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Last updated: September 7, 2018
The Lusk Herald
August 17, 1961
On September 12, 1924, a meeting was called at the home of Mrs. Elvira Olinger for the purpose of organizing a chapter of the Daughters of the American Revolution in Lusk, Wyoming. Mrs. Cora Beach, then a resident of Lusk, made most of the arrangements and prepared the applications for membership.
At this meeting the following women were present: Nellie S. Agnew, Elvira Olinger, Julia Roy, Olive Johnson, Lenora Giinther, Esther Mendenhall, Florence Godfrey, Ruth Teas and Mabel Edmonson. Shortly after this meeting the names of Veda Stratton, Martha Wiltse and Nattie Leach were added to the organization, making in all thirteen charter members.
At this initial meeting, Mabel F. Edmonson was elected the first regent, with Elvira Olinger as vice regent. Other officers elected at that time were: Lenora Giinther, secretary; Esther Mendenhall, treasurer; Ruth Teas, registrar; Julia Roy, Historian.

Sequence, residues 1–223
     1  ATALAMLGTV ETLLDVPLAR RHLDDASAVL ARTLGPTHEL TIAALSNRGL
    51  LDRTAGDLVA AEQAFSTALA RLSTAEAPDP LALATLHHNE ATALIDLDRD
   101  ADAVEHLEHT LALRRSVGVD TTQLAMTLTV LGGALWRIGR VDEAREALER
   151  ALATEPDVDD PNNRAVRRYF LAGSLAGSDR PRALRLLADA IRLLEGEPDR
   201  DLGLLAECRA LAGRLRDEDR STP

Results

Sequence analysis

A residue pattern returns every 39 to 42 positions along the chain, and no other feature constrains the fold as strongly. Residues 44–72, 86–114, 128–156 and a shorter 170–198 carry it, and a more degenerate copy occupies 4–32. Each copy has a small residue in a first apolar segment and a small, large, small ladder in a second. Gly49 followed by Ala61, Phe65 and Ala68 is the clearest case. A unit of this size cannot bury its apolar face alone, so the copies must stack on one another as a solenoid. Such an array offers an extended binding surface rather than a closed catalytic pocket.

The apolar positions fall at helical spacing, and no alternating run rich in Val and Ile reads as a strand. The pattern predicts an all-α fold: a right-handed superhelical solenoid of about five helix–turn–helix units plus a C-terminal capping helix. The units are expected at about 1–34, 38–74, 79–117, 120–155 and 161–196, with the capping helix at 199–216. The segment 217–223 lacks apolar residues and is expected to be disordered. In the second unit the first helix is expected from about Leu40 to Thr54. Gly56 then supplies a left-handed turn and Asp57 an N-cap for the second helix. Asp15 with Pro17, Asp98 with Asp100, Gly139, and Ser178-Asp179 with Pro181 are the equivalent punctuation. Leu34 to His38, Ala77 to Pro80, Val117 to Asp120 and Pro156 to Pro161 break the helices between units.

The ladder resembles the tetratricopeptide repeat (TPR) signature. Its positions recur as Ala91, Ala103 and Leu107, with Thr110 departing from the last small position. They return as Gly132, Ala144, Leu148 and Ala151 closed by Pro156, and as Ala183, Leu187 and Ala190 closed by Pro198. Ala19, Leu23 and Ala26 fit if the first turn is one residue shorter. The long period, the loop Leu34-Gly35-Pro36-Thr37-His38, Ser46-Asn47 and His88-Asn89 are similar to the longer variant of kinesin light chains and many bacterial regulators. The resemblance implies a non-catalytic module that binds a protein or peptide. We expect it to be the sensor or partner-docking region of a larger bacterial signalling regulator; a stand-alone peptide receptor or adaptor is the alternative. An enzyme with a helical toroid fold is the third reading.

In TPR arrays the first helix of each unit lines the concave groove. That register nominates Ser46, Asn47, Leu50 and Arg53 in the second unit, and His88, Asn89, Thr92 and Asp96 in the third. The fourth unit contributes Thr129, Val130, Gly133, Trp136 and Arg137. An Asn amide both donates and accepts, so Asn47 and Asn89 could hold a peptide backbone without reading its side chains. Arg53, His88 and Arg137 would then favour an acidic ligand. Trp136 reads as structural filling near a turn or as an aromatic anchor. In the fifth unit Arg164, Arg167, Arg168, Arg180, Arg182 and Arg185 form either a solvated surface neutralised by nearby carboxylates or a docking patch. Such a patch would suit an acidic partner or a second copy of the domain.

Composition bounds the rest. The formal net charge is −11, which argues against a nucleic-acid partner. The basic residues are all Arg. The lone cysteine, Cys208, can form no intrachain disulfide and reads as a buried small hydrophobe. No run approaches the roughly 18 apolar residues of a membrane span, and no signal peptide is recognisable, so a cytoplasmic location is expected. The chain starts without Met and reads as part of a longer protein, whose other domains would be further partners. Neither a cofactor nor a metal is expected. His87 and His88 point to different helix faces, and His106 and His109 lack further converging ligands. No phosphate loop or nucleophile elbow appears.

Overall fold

The name of “Robert Campbell Chapter” was chosen at the first meeting and the chapter was officially notified of its acceptance by the National Society on October 8, 1924.
At the March, 1926 meeting, a motion was adopted asking the National Society to approve a change of name for the organization from “Robert Campbell Chapter” To “Luke Voorhees Chapter,” in honor of a former proprietor of the Cheyenne & Black Hills stage line, and also a former treasurer of the State of Wyoming, who had played an important part in the development of Eastern Wyoming. The official approval of the change in name by the National Society was received in December 1926.
The monument marking the site of old Fort Hat Creek was one of the first projects initiated and carried to a successful conclusion by the chapter. This marker, which is now off the main highway, was dedicated July 4, 1927. The marker was built by the late John H. Roy and the principal address at the dedication was delivered at the dedication was delivered by Congressman Charles E. Winter.
One of the early projects of the Luke Voorhees chapter was to promote interest in patriotic subjects among the schools of Niobrara County. In pursuance of that objective a prize has been offered by the chapter for the best essay on a patriotic or historical subject selected by the chapter, to be participated in by students of Niobrara County schools. This project has created intense interest and is still carried on by the chapter.